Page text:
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Perihelion And Aphelion, Orbit Of Eris

Perihelion and aphelion

From Wikipedia, the free encyclopedia
This article is about astronomy. For the image analysis software suite, see Aphelion (software). For other uses, see Aphelion (disambiguation).
For a more general treatment of the subject, see Apsis.

The perihelion and aphelion are the nearest and farthest points (apsides) of a body’s direct orbit around the Sun.

The perihelion is the point in the orbit of a planet, minor planet, or comet, where it is nearest to its orbital focus, generally a star. It is the opposite of aphelion, which is the point in the orbit where the celestial body is farthest from its point of orbit.[1]

The word “perihelion” stems from the Ancient Greek words “peri”, meaning “near”, and “helios“, meaning “the Sun”. “Aphelion” derives from the preposition “apo”, meaning “away, off, apart”. (The similar words “perigee” and “apogee” refer to the nearest and furthest points in some object’s orbit around the Earth.)

According to Kepler’s first law of planetary motion, all planets, comets, and asteroids in the Solar System have approximately elliptical orbits around the Sun.[2] (Any single revolution of a body around its parent object is only approximately elliptical, because precession of the perihelion prevents the orbit from being a simple closed curve such as an ellipse.) Hence, an orbiting body has a closest and a farthest point from its parent object, that is, a perihelion and an aphelion, known collectively as apsides. Orbital eccentricity measures the flatness (departure from a perfect circle) of the orbit.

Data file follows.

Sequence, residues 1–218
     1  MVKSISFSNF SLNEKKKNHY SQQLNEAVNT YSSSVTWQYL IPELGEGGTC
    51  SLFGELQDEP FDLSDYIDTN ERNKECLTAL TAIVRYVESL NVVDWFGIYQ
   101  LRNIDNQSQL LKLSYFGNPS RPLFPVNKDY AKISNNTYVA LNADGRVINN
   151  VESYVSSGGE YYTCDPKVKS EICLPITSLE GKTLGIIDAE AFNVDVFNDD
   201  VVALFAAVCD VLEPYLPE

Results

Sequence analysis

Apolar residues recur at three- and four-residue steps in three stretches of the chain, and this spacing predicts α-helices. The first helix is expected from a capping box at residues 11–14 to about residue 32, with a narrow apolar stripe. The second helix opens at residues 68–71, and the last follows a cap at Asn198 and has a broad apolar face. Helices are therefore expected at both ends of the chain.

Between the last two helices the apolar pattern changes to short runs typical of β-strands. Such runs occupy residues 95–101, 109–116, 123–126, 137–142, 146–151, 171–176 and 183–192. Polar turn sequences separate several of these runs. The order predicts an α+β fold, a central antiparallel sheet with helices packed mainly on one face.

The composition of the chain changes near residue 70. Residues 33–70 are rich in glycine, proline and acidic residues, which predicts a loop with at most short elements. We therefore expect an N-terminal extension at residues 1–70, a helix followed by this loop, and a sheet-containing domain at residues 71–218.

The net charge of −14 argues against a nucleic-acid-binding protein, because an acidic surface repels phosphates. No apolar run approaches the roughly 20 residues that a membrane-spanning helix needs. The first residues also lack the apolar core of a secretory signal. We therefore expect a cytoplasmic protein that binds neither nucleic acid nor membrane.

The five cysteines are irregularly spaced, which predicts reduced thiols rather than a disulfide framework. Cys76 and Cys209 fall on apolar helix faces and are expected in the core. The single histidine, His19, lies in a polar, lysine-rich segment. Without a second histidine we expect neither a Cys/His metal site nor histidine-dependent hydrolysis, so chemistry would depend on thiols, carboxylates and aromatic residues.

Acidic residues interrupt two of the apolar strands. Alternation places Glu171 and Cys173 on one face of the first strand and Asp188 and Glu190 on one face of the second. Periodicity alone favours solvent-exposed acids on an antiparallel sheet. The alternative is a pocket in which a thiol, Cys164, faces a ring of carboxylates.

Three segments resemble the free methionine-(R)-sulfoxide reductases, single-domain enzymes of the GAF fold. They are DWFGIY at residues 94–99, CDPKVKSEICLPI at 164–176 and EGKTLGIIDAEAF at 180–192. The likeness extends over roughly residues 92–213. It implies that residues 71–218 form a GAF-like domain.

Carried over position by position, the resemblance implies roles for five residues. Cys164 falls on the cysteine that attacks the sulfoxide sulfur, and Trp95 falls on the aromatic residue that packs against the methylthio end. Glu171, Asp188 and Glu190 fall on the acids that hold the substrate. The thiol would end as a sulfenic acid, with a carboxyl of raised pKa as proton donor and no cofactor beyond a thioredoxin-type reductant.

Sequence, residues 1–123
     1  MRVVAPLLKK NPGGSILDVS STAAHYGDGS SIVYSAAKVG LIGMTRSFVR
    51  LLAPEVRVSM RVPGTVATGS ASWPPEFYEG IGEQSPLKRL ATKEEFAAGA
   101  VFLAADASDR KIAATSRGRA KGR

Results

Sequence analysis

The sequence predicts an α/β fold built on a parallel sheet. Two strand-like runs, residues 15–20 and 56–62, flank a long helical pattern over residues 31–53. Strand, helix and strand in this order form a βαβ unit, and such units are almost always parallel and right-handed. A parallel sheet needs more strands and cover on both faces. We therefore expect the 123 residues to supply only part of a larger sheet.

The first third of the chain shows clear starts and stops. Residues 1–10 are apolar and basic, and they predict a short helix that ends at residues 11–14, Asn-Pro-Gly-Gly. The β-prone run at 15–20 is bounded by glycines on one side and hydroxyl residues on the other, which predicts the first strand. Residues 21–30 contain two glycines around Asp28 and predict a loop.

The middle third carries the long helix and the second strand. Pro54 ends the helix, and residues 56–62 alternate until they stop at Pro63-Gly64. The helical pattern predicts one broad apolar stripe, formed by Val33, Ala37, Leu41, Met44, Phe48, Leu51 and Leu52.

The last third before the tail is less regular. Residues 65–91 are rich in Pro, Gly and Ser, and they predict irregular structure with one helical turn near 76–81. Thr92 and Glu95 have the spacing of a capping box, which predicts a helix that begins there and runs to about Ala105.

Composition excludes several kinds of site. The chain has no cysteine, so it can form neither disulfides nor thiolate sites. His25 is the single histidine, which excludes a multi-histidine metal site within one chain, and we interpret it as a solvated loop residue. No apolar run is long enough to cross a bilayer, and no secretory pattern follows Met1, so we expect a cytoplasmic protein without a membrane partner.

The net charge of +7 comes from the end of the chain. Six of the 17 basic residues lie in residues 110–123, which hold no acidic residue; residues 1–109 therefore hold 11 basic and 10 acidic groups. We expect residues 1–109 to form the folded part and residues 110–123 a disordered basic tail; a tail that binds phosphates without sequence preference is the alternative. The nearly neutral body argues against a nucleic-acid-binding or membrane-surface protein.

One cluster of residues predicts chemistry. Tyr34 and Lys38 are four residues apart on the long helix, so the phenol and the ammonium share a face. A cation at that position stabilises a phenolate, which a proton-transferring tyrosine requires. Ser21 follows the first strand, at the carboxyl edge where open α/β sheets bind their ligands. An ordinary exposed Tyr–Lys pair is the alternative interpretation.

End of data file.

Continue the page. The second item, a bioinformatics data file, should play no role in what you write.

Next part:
When Earth is closest to the Sun, it is winter in the northern hemisphere and summer in the southern hemisphere. Hence, Earth’s distance from the Sun does not significantly affect what season occurs.[3] Instead, Earth’s seasons come and go because Earth does not rotate with its axis exactly upright with respect to the plane of its orbit around the Sun. Earth’s axial tilt is 23.4 degrees. This puts the Sun further south in December and January, so the north has winter and the south has summer. Thus winter falls on that part of the globe where sunlight strikes least directly, and summer falls where sunlight strikes most directly, regardless of the Earth’s distance from the Sun.

The difference in distance between Earth’s nearest point to the Sun in January (for a table of these dates for various years, see Apsis) and farthest point from the Sun in July is about 5 million kilometers (3.1 million miles). Earth is about 147.1 million kilometers (91.4 million miles) from the Sun at perihelion in early January, in contrast to about 152.1 million kilometers (94.5 million miles) at aphelion in early July. Because of the increased distance at aphelion, only 93.55% of the solar radiation from the Sun falls on a given square area of land than at perihelion. In the southern hemisphere winter falls at the same time as aphelion. The decrease in solar radiation at aphelion, plus shorter periods of daylight cause (should be “regardless of the longer periods of daylight”), in general, less heat from the Sun to hit the southern hemisphere in winter than the northern hemisphere during its winter at perihelion six months later.

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About Patrick Ireland

My name is Patrick Ireland, living in the Philippines with my wife and two daughters. I have been studying the web for over a decade. Now that I am 60 years old, I am starting to apply some of the knowledge that I have gained. "Learn from yesterday, live for today, hope for tomorrow. The important thing is to never stop questioning." -Einstein.

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